Their findings all hold true even after taking into account differing demographic, physical and personality characteristics among the daters.
The richness of our data further allows us to identify many determinants of same-race preferences.
Subjects' backgrounds, including the racial composition of the ZIP code where a subject grew up and the prevailing racial attitudes in a subject's state or country of origin, strongly influence same-race preferences.
They make worse matches than just using a random site.
That’s because their matching criteria are hardly scientific, as far as romance goes.
Although many dating sites tout the superiority of partner matching through the use of “scientific algorithms,” the authors find that there is little evidence that these algorithms can predict whether people are good matches or will have chemistry with one another.
The authors’ overarching assessment of online dating sites is that scientifically, they just don’t measure up.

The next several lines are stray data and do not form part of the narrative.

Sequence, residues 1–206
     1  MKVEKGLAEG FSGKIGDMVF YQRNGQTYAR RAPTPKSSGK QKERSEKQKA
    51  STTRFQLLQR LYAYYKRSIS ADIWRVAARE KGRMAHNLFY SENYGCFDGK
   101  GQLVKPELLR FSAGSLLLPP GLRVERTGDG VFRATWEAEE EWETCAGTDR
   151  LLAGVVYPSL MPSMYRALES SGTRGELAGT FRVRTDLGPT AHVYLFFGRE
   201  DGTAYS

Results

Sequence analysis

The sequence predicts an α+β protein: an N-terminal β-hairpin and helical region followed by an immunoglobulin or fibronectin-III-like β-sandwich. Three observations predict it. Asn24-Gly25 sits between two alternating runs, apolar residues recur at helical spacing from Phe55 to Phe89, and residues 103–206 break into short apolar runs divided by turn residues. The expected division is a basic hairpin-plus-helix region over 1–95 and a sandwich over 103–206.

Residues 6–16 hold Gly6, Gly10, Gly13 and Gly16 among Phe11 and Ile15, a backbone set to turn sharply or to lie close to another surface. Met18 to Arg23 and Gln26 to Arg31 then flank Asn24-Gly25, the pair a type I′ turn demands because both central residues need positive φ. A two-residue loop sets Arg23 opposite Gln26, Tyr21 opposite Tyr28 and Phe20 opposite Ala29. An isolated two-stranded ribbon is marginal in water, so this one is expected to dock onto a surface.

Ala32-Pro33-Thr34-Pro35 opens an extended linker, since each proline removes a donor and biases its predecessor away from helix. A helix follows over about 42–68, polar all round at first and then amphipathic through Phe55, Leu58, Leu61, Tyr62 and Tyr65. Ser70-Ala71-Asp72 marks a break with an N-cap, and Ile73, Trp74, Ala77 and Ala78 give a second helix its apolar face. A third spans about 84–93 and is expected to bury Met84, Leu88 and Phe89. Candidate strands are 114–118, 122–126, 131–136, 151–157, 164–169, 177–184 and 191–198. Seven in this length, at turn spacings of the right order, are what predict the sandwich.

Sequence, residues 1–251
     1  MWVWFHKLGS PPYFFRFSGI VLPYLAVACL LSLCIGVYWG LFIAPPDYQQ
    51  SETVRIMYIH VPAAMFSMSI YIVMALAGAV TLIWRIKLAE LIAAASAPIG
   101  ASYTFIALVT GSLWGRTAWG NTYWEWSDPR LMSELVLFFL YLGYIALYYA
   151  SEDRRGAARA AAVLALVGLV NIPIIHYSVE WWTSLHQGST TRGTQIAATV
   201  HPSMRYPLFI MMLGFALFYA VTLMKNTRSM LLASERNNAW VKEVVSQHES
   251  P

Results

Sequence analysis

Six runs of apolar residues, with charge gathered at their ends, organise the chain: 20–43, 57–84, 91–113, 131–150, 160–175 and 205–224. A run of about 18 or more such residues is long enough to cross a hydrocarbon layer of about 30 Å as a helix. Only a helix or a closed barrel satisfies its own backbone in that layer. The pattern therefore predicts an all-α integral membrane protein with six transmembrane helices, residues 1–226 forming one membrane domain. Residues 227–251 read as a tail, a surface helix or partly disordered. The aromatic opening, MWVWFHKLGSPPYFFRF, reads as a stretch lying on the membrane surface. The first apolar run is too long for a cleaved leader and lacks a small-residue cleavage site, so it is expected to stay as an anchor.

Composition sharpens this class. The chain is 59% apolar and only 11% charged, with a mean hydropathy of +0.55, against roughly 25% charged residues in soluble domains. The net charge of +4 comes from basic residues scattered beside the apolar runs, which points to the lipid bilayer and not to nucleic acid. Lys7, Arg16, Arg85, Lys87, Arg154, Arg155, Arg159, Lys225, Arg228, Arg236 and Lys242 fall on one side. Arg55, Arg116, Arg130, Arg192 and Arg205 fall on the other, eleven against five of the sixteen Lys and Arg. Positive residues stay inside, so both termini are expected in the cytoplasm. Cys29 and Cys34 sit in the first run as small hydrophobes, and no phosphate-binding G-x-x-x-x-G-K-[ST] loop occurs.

Lin and Lundquist found that when Internet daters search for potential mates, they are more likely to approach those of the same racial identity as themselves, and a clear racial hierarchy dominates the response process.
White daters’ messages are likely to elicit responses from daters of other groups, but white women respond mostly only to white men.
As online dating matures, however, it is likely that more and more people will avail themselves of these services, and if development — and use — of these sites is guided by rigorous psychological science, they may become a more promising way for people to meet their perfect partners. Finkel discuss the science behind online dating at the 24th APS Annual Convention.
About the Authors I agree wholeheartedly that so-called scientific dating sites are totally off-base.
Although the authors find that online dating sites offer a distinctly different experience than conventional dating, the superiority of these sites is not as evident.